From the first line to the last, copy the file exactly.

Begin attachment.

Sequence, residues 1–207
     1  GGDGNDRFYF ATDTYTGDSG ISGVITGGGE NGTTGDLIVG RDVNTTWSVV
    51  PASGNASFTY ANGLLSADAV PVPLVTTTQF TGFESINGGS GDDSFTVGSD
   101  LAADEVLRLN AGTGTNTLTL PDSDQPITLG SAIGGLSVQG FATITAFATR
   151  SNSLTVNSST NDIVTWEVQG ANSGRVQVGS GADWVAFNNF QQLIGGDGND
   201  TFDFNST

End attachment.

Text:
Sequence, residues 1–207
     1  GGDGNDRFYF ATDTYTGDSG ISGVITGGGE NGTTGDLIVG RDVNTTWSVV
    51  PASGNASFTY ANGLLSADAV PVPLVTTTQF TGFESINGGS GDDSFTVGSD
   101  LAADEVLRLN AGTGTNTLTL PDSDQPITLG SAIGGLSVQG FATITAFATR
   151  SNSLTVNSST NDIVTWEVQG ANSGRVQVGS GADWVAFNNF QQLIGGDGND
   201  TFDFNST